Chief Judge Sleet ultimately granted the motion for preliminary injunction in part. In doing so, he faced several legal and practical issues. With regard to the likelihood of success on the merits, Judge Sleet faced a question regarding enforceability, given that the patent-in-suit had expired in the years since the jury verdict. The FDA, however, had granted an interim extension of patent rights under 35 U.S.C. § 156. Medtronic argued that Edwards’ extension was limited to copies of its old product, not to copies of its new product like Medtronic’s CoreValve Generation 3. Therefore, Medtronic argued, even though its Generation 3 product might infringe the patent-in-suit, it is different from the Edwards product on which the term extension of that patent was based. Judge Sleet did not accept this argument, finding that Section 156(b) addressed approved uses, not approved products. Thus, because the accused Generation 3 product had the same use as the original Edwards approved product, the patent term extension covers it. Thus, having prevailed on infringement and had its patent term extended, Edwards had shown a likelihood of success on the merits. Id. at 5-6.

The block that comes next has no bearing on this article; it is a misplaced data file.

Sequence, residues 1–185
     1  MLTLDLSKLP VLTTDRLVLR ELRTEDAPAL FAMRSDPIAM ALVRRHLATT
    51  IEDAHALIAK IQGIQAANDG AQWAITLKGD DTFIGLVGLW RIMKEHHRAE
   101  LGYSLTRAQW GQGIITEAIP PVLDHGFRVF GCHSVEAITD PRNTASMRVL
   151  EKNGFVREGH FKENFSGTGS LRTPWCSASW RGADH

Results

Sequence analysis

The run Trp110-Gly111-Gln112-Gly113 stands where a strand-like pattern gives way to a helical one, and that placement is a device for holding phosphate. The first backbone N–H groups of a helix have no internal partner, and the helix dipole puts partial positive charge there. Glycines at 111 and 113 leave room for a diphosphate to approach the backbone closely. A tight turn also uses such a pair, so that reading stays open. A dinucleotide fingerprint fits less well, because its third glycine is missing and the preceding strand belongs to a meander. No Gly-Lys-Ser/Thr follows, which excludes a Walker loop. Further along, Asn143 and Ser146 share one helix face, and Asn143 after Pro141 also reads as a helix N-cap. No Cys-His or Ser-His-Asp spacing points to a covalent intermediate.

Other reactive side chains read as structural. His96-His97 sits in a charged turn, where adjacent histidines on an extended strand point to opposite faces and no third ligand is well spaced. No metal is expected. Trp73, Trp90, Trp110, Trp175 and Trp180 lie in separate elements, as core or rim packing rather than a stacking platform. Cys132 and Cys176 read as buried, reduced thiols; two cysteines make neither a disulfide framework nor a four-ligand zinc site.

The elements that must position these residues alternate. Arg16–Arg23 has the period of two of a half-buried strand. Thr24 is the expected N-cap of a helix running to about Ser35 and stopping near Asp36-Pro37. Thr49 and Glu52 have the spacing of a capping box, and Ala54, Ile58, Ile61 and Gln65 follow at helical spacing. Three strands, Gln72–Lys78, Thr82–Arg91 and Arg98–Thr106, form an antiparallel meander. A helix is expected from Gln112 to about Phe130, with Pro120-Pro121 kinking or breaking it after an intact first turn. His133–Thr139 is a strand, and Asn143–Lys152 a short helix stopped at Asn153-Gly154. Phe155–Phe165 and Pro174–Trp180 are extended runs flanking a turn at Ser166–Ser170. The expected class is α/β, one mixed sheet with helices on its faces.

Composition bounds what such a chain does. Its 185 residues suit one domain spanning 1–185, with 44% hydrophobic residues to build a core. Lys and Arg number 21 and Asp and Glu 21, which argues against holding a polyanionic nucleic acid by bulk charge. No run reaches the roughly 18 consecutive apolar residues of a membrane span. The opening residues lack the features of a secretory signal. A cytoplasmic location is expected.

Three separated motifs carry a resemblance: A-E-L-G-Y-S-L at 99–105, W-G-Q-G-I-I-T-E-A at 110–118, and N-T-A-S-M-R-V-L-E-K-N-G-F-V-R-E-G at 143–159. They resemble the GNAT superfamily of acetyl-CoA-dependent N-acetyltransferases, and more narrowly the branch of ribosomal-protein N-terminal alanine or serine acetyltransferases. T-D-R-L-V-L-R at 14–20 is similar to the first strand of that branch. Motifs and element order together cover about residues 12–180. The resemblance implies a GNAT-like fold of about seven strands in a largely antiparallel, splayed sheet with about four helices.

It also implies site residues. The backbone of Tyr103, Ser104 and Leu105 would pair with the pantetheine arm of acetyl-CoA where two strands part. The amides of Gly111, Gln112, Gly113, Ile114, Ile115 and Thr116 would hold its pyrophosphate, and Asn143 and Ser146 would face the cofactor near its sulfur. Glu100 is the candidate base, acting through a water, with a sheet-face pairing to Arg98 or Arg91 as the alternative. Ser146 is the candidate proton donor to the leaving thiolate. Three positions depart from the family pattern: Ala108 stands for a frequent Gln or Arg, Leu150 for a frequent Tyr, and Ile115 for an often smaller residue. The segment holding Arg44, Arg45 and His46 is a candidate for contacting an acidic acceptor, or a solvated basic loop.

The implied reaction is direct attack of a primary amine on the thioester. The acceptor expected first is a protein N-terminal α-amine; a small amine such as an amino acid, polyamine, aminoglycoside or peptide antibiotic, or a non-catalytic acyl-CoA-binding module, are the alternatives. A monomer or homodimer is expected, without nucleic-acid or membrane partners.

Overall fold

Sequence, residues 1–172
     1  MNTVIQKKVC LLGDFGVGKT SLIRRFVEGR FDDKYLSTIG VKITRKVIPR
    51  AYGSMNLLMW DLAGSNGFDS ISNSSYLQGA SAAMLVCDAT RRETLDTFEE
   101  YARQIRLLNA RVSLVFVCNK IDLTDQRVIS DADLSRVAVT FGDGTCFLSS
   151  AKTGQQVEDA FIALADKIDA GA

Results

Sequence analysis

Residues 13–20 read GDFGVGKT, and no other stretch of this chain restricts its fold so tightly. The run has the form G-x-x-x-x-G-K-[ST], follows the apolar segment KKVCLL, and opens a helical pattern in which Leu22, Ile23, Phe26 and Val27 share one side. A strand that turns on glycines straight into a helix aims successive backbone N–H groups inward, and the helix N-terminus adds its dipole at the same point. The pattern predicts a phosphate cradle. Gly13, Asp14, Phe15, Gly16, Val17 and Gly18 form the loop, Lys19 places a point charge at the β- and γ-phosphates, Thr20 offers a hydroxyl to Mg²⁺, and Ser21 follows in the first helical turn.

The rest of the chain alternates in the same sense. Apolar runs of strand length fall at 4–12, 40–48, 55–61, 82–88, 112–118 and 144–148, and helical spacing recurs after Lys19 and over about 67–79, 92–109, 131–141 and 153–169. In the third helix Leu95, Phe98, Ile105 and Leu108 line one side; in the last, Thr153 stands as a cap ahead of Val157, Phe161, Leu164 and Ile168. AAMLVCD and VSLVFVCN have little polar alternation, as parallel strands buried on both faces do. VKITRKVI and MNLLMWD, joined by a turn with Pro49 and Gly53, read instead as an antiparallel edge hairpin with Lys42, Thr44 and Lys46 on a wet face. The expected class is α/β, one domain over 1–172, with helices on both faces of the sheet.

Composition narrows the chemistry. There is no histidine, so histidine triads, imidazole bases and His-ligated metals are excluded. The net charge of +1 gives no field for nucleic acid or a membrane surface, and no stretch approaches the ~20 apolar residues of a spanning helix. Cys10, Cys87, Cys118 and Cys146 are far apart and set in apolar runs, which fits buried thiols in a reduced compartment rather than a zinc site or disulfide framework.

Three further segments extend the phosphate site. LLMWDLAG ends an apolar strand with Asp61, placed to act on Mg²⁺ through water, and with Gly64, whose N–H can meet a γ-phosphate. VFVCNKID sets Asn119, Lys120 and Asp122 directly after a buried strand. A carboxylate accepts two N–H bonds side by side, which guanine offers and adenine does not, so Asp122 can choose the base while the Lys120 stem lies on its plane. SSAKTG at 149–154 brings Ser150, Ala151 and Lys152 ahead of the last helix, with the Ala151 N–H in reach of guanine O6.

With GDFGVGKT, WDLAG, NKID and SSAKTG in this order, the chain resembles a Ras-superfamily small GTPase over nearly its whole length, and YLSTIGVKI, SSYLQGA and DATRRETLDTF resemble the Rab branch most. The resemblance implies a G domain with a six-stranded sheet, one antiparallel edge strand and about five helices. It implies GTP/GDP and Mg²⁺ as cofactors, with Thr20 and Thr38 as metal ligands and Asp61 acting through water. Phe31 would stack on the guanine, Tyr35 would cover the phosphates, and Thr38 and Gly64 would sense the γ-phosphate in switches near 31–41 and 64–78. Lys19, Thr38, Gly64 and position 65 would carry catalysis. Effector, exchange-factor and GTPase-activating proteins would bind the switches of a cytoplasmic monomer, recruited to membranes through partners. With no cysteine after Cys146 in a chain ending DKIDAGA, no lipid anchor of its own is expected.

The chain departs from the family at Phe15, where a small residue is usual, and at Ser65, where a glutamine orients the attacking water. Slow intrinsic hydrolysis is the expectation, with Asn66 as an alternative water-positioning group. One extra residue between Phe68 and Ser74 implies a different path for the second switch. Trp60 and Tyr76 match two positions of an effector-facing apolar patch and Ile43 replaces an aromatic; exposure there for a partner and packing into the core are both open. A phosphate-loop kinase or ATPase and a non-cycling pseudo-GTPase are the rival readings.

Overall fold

Judge Sleet also concluded that Edwards had shown irreparable harm through potential price erosion and loss of sales, market share, and revenue. Id. at 6-13. The major argument from Medtronic against irreparable harm was that there exists a “countervailing consideration sufficient to trump the mandate that patent rights be enforced.” This public interest consideration is the possibility that enjoining Medtronic would “leave patients so at risk of inferior care or no care at all that the public interest requires Medtronic be allowed to sell the CoreValve Generation 3.” Id. at 13-14. Medtronic essentially argued that its product was a safer, superior alternative to Edwards’ products and that it should be permitted to continue selling its product to a class of patients regarded as “extreme risk” because in some cases those patients could not be helped by Edwards’ existing product or in other cases could not be helped by either Edwards’ existing product or its product being approved by the FDA. Judge Sleet rejected the first extreme risk patient argument because Edwards’ new product should be approved by the FDA in the near future. But Judge Sleet accepted the second argument, finding that “the public interest requires making some accommodation that would grant patients [who can only be treated by Medtronic’s devices] access to the CoreValve Generation 3.” Thus, Judge Sleet granted the motion for preliminary injunction in part, concluding that the injunction must be tailored because “the public interest weighs in favor of granting Edwards a preliminary injunction, subject to an accommodation for Medtronic to sell its devices to those patients who cannot be helped by Edwards’ devices.” Id. at 14-21.